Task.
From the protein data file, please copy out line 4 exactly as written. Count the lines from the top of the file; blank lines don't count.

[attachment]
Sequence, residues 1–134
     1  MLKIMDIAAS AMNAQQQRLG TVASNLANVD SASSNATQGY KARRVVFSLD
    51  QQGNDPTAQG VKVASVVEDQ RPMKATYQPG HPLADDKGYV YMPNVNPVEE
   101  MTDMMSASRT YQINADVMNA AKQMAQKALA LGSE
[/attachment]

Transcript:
   101  MTDMMSASRT YQINADVMNA AKQMAQKALA LGSE